Opinion: Here's what Elmo's innocent question says about us

The astonishing wave of engagement it generated is nothing we, or Sesame Street’s Mr. Snuffleupagus, should sneeze at.

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A heartening incident recently unfolded — a thread of humanity and connectivity reverberated when the beloved character Elmo from the popular children’s television show Sesame Street posed the innocuous question: “How is everybody doing?”

The internet was ablaze! While I’m more of a Looney Tunes and Bugs Bunny loyalist, I give my kudos to Sesame Street for its enduring relevancy, educational legacy and ability to maintain a firm, albeit furry, puppet grip on the cultural zeitgeist.

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The resonance of Elmo’s question surpassed all expectations, shedding light on the profound impact a simple inquiry could make. Sesame Street’s recent act of creativity and inspiration to post this kind-hearted inquiry on X, the Twitter of yesteryear, surprised even producers, catching Elmo off guard with the overwhelming influx of responses and poignant messages.

I could almost hear another one of Sesame’s distinctive characters, The Count, the Muppet vampire with a deep voice and panache for numbers, exclaiming: “And now, my dear friends, let us count to thousands together. Ah, one thousand, two thousand.”

The New York Times reported Elmo’s status check had received more than 9,000 responses by Tuesday, the day after the post went up. And the tenor of responses seemed to speak volumes about our collective well-being, suggesting that, as a whole, we are, in fact, not doing so well and very much not OK.

For a nanosecond, there was this powerful feeling of unity and commiseration. I, too, felt less alone in my heightened anxiety levels and bouts of paralyzing depression, grappling like so many with personal angsts and the weight of concern over global events and uncertainties.

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The public’s visceral reaction to Elmo’s innocently phrased question raised even more worries about where we stand as a society. Some pessimistically criticized this opportunity and saw it as nothing more than a cheap and cheesy ploy to grab our attention and another testament to the alluring power of social media. Still, the astonishing wave of engagement it generated is nothing we or Sesame Street’s Mr. Snuffleupagus should sneeze at.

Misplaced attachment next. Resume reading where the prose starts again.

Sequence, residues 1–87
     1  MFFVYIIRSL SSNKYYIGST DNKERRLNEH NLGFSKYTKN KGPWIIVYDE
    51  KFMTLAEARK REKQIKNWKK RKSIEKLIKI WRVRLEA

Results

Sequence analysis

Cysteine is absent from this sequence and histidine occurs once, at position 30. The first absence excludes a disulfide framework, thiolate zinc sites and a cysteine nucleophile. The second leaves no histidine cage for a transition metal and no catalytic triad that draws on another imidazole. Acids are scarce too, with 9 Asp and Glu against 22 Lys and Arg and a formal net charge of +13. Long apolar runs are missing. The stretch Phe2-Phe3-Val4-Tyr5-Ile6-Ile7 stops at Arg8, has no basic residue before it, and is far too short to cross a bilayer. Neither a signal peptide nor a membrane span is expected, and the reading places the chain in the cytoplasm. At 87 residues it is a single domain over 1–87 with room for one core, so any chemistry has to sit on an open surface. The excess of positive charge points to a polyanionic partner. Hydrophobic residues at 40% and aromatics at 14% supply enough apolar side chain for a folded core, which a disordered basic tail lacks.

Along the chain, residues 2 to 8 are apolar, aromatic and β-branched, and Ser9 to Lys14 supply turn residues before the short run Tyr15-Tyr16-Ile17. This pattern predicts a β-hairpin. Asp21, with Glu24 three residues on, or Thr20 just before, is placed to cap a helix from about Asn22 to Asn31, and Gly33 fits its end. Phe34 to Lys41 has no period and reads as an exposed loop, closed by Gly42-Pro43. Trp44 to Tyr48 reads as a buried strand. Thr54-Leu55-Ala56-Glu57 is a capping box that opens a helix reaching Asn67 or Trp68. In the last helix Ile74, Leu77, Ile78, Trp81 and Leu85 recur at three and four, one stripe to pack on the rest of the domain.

The responses received have unintentionally opened the floodgates, revealing, unfortunately but not shockingly, a unified landscape marred by loneliness, sorrow, grief, relationship struggles, financial distress, fear and despair, to name a few.

If there’s anything positive to glean from Elmo’s innocent question, it helped open a dialogue about our shared struggles, showcasing our common humanity rather than our differences. It serves as a reminder that kindness and empathy, even when it’s on a social media platform, can still have the potential to bring us together.

This Elmo stunt also alerted us that we can and should do better and adeptly navigate through these volatile times with more understanding and patience for one another.

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We tend to conceal our true feelings behind bravado and façade, hesitating to express anything beyond a superficial “fine” or “all right” when asked, “How are you doing?” Perhaps Bugs Bunny, with his insightful “Eh, what’s up, Doc?” said it best and was ahead of his time, skilfully knowing how to approach his friends and foes with this disarmingly catchphrase.

The pandemic has taught us a lot, and we continue to learn from it, especially that regular check-ins can be a lifeline for people and have a profound impact, nurturing a compassionate and positive environment more conducive to open and genuine communication.

Elmo’s curiosity, gauging our current mental and emotional state, undeniably struck a chord. What followed was an outpouring of words of support from various sources, all singing the praises and weighing in with gratitude for Elmo.

Maybe it’s my inherent childish sense of wonder, but would it not be really extraordinary if these endeavours in kindness and consideration surpassed social media and hype and found permanent residency beyond the enchanting world of Sesame Street?

Wendy Reichental worked as an administrative coordinator at McGill University. She is now retired and living in Dollard-des-Ormeaux.

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